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Fleeing Turkish bombs and Damascus' conscription, Syrian Kurds head to Iraq

Ankara's assault and the Syrian government's return prompts thousands to seek safety in Iraqi refugee camps
A wounded Syrian man, who fled violence after the Turkish offensive against Syria, is seen sitting in a bus on his way to displacement camps on the outskirts of Dohuk, Iraq (Reuters)
By Adam Lucente in Domiz camp, Iraq

Now that Mohammed Hussein has made it to the Domiz camp in Iraqi Kurdistan, he doesn’t know what to expect.

Talk of a return to northeastern Syria, where he has just fled from, is muted.

His hometown Qamishli has been regularly shelled during a ferocious Turkish offensive, as Ankara seeks to rid the area of Kurdish fighters in an operation that looks set to rage for some time.

But it’s not just the bombardment and battles that Hussein has fled. The young Syrian Kurd says he’s escaping conscription, too.

Struggling to repel Turkish forces and their Syrian rebel proxies, Kurdish authorities on Sunday agreed to a deal to see the return of President Bashar al-Assad’s soldiers to the autonomously run northeast.

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Now local residents say Syrian government forces and the Kurdish YPG militia are seeking recruits as they look to push back the Turkish advance.

“The regime and YPG were snatching up young guys for military service,” Hussein tells Middle East Eye as he waits to get off the hot bus and begin registration with camp officials. 

Before the offensive began, some 30,000 Syrians lived in Domiz, residing in concrete shelters with tin roofs. Early in Syria's eight-year war, the majority fled to the refugee camp, which is nestled amid scenic mountains and lies a 30-minute car journey from Iraq’s Dohuk.

But now a new wave of mostly Kurdish Syrians is drifting into Iraqi territory, swelling the camp’s population.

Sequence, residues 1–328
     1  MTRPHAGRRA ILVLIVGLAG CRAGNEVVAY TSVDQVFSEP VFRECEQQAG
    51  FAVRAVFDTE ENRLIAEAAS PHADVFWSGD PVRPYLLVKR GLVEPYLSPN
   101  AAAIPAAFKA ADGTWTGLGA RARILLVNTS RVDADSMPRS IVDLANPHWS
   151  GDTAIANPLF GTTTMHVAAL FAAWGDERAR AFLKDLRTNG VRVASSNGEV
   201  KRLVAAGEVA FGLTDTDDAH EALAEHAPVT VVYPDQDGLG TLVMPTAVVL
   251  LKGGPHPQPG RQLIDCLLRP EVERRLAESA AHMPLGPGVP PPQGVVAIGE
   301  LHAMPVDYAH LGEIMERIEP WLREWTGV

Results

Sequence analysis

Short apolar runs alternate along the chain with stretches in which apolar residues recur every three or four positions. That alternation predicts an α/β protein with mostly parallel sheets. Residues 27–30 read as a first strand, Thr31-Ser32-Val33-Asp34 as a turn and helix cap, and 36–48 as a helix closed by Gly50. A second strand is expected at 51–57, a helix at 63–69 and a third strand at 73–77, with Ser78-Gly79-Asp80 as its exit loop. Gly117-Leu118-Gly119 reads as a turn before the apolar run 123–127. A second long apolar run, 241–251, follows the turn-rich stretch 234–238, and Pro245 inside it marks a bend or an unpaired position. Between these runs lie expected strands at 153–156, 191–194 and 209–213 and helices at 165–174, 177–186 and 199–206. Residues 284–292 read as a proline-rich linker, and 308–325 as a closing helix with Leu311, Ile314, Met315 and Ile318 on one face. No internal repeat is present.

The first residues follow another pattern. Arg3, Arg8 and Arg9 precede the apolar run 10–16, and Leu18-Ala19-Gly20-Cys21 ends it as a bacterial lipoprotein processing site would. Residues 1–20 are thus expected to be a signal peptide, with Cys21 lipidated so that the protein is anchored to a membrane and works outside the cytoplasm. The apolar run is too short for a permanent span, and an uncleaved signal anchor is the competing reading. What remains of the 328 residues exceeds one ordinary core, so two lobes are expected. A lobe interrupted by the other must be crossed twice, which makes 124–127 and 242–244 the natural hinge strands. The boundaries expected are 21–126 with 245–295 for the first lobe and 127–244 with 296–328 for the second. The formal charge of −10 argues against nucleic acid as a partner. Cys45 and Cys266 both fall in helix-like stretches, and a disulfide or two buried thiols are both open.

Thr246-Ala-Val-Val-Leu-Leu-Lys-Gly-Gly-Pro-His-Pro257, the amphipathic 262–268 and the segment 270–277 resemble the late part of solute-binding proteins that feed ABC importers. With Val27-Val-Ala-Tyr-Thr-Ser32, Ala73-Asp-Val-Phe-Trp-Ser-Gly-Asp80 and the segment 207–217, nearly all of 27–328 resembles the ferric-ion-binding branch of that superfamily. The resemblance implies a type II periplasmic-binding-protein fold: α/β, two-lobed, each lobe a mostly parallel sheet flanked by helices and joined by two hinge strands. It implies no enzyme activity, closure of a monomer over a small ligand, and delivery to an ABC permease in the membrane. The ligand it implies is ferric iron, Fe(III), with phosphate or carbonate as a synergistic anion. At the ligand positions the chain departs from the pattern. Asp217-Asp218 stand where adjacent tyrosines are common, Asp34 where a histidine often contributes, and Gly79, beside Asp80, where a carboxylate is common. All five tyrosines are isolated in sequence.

“I swear to God, there’s peace here,” Hussein says. 

No return

Now safe in Iraq, Hussein bluntly describes the reality of life in his native Qamishli. 

“The situation is not good,” he says. “It’s war.”

For Hussein, Turkish bombs and the possibility of being forced to fight in the YPG or Syrian army compelled him to head to the Iraqi border.

Others in the camp have fled the YPG, but years before.

Mohammed Zaki came to the camp in 2013. He is a fighter in the Rojava Peshmerga, the military wing of the YPG’s political rival, the Kurdish National Council (KNC).

Despite a common enemy in the Islamic State (IS) group and Turkey, the YPG has sidelined the KNC, leaving it to fight IS in Iraq instead.

'It’s humiliating to stay here and watch our brothers die in Rojava'

- Mohammed Zaki, KNC

Like Hussein and the new refugees, Zaki has a bleak outlook on the possibility of returning to Syria, especially given the current conflict with Turkey.

“It’s humiliating to stay here and watch our brothers die in Rojava,” he tells MEE, using the Kurdish name for northeast Syria. 

Zaki serves near the town of Sahela along the Syrian border. He says he has seen Kurdish refugees, desperate for safety, come in recent days.

“They had no place to sleep,” he said. “They were hungry.”

Zaki’s father, also named Mohammed Zaki, says the new refugees are coming to a stable camp that is free of serious issues. 

“Things are good,” the elder Zaki says. “Sometimes there are problems with water and electricity.”

‘If people come, we’re ready’

A variety of organisations support the camp, including the United Nations and the Kurdistan Regional Government (KRG). Serdar Khalaf, the camp director, says more Kurdish refugees from Syria are expected to come. 

“We’ve prepared the camp,” he tells MEE from his office. “If people come, we’re ready.”

Suddenly he’s on his feet, as four more buses of refugees roll in. More than 180 came on Monday alone, he says.

Aid organisations in Iraq say they and the KRG are gearing up for an influx.

'Kurdish authorities in Iraq expect to receive, on overage, 1,000 refugees per week'

- Tom Peyre-Costa, NRC

The Kurdistan Region already hosts more than a million displaced people, including Syrians and Iraqis, according to the UN.

Within northeast Syria, more than 100,000 are now displaced due to the fighting. Many are fleeing further south towards the city of Hasakah. 

The Turkish offensive has complicated aid efforts inside Syria. On Monday, the NGO Mercy Corps announced it was suspending operations in Syria and evacuating its foreign staff. 

The KRG, along with NGOs, have prepared a camp for newcomers in Bardarash, between Duhok and the regional capital Erbil. The camp used to house displaced Iraqis from Mosul, according to Tom Peyre-Costa, the spokesperson for the Norwegian Refugee Council (NRC) in Iraq. 

He says the number of refugees coming from Syria could be in the thousands.

“Kurdish authorities in Iraq expect to receive, on overage, 1,000 refugees per week,” Peyre-Costa tells MEE. “But the humanitarian community expects much larger numbers if the escalation of violence does not stop immediately.”

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